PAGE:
By David M. Greenwald
Davis, CA – We received a lot of interesting feedback both on and offline on Saturday’s column, suggesting that the city work with the university to pursue housing south of Russell.
From my perspective there were several advantages to it:
First, the city is in need of housing and, as I have explained this week, I don’t believe the downtown will be able to provide the housing opportunities—certainly not in the short-term—that the city is hoping for.
Second, the city has a lack of internal vacant land that could accommodate large scale housing.
Third, Measure J makes planning for housing on the periphery at best problematic. Moreover, from a planning perspective, putting housing closer to campus is ideal anyway.
Fourth, many in the slow growth community have pushed for more housing on campus anyway.
Fifth, you could largely do it without a Measure J approval vote.
There are of course a lot of complexities to doing this kind of planning, and there would need to be all sorts of agreements with the county, city and university. Figuring out the revenue and cost sharing would be complex.
I mentioned a need to connect it through Russell and that clearly still causes problems for some in West Davis.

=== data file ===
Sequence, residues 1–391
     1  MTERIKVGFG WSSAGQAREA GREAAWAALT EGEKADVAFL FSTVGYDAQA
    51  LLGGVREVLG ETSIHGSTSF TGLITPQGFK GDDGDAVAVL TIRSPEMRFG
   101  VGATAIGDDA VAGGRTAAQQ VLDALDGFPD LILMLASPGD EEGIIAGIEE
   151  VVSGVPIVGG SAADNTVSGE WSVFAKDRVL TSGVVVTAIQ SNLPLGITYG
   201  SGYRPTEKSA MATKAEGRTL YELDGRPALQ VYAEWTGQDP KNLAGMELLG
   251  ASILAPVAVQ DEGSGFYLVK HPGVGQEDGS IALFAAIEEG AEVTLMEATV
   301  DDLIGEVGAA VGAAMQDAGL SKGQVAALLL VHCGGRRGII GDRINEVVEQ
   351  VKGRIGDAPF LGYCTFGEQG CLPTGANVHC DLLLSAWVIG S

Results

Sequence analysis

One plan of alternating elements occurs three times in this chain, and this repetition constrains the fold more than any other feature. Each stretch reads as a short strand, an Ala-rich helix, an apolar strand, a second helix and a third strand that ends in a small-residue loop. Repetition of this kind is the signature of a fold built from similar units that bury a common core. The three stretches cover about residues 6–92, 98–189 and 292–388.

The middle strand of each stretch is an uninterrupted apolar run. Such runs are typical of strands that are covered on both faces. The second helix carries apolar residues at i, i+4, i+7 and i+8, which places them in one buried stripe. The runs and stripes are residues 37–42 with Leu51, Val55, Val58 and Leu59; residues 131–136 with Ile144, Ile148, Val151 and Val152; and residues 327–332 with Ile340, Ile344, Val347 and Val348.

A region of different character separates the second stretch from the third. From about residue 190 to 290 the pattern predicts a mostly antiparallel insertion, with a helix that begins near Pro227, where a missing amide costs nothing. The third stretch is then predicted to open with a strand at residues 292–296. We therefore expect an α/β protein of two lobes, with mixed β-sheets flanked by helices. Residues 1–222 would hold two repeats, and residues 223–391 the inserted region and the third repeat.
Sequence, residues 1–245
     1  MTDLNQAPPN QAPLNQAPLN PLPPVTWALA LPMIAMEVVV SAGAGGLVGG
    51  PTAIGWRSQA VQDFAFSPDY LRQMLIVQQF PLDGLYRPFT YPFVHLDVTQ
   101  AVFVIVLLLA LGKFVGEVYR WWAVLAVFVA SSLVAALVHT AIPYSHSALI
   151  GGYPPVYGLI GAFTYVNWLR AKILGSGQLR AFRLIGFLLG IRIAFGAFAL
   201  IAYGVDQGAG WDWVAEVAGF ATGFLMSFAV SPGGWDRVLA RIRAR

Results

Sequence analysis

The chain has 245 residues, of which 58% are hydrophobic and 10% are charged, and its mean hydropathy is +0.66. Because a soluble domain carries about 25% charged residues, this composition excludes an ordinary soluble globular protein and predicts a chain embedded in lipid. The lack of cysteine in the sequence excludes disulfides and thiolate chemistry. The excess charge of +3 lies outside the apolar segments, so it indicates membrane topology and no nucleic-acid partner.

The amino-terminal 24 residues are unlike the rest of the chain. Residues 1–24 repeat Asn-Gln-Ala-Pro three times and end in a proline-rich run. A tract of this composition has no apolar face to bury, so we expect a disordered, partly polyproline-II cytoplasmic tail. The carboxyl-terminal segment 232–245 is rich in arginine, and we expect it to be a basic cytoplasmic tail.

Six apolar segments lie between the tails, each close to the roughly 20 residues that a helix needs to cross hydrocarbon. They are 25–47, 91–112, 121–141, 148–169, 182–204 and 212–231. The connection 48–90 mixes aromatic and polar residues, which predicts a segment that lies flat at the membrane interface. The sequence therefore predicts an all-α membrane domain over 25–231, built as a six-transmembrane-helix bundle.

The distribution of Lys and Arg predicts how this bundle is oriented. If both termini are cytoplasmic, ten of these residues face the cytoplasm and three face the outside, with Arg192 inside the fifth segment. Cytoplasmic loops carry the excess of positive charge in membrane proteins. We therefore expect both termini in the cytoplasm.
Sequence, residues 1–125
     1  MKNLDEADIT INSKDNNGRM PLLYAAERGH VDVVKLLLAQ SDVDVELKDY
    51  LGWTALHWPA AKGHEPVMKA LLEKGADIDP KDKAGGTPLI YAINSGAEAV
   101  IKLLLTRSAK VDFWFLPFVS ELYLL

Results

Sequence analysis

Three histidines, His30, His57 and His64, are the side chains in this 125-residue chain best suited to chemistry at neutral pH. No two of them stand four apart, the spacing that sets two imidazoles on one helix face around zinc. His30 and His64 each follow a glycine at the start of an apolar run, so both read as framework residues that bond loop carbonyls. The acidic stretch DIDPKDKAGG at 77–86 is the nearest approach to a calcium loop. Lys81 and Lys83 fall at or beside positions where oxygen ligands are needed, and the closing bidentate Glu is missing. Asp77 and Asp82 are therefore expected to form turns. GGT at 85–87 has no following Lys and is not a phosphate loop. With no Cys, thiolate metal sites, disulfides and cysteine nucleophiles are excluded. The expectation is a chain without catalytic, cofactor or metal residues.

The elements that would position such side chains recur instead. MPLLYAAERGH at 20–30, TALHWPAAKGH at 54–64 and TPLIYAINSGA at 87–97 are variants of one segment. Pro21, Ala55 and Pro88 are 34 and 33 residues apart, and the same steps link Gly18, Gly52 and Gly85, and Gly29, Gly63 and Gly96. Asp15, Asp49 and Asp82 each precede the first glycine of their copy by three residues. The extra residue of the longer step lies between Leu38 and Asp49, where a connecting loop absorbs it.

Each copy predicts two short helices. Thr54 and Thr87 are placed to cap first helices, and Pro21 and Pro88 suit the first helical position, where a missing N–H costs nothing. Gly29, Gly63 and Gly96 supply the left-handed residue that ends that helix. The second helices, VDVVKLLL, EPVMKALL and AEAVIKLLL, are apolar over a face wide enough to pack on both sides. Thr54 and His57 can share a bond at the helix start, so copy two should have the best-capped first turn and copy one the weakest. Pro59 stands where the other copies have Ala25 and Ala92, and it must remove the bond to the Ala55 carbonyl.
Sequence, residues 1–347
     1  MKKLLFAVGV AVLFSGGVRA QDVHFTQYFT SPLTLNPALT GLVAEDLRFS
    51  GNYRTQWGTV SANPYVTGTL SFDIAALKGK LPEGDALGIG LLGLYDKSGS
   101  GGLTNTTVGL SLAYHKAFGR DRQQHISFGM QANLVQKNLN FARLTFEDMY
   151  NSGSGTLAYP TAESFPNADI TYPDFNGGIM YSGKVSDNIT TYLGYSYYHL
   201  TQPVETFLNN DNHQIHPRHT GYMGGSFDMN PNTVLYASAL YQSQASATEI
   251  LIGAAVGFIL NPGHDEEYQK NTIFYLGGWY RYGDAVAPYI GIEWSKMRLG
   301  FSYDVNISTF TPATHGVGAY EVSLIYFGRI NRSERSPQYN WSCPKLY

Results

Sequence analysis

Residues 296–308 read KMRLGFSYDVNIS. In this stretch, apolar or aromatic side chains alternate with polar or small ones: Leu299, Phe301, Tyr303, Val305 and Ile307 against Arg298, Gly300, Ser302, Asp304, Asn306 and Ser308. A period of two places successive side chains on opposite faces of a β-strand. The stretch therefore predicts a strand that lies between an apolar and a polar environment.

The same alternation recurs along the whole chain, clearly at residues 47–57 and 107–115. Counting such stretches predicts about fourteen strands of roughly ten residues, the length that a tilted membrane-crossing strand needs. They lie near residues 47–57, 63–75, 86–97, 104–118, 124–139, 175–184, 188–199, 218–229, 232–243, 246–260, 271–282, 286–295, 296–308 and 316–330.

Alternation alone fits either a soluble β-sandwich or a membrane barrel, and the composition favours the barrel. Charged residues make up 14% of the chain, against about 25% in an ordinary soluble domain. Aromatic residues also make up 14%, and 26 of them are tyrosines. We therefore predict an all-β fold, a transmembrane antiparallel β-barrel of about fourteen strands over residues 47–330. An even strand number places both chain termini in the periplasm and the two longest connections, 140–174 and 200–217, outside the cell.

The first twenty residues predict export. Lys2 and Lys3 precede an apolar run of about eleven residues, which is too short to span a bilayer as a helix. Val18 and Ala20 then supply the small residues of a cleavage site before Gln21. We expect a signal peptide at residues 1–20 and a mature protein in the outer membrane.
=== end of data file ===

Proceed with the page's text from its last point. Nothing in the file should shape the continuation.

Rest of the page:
One of the more interesting responses I received noted that “the argument for housing south of Russell makes sense from a planning perspective due to its location.”
The person noted, “Actually faculty/staff housing has been planned between the student apartments and Russell Blvd for years.”
But, “because it has (been) interpreted that any housing project on UC land must pay prevailing wages (something not a common practice in residential construction) it (is) difficult to deliver in a manner that is ‘affordable.’”
They continued, “Unless the university can provide housing within reach of faculty/staff salaries there is no policy support for building it on UC land. Also any tax revenue generated from the student housing and faculty/staff housing out there goes to the county.”
Thus, “the county (and university) would have to agree to annex any property to the city. So while the site makes sense, the constraint of construction being subject to prevailing wage and other UC requirements would likely be a nonstarter for any builder/developer.”
To me that’s probably not a deal breaker. Instead, it would probably require additional subsidies—finding ways to tap into monies that will help to develop housing next to transit and workforce opportunities, and subsidizing affordable housing through monies available for such features would be a requirement.
There is a high degree of complexity here that someone would need to navigate, which is likely the reason one response was that “Ockham’s principle argues that simplicity supersedes complexity. If you have two competing alternatives, then the simpler explanation/alternative is to be preferred.”
Then again it seems like land use necessitates navigating through complexity in order to find solutions. In this case, you would have to weigh the advantages of location against the complexities of making such a project pencil out and navigating through the minefield of three overlapping jurisdictions.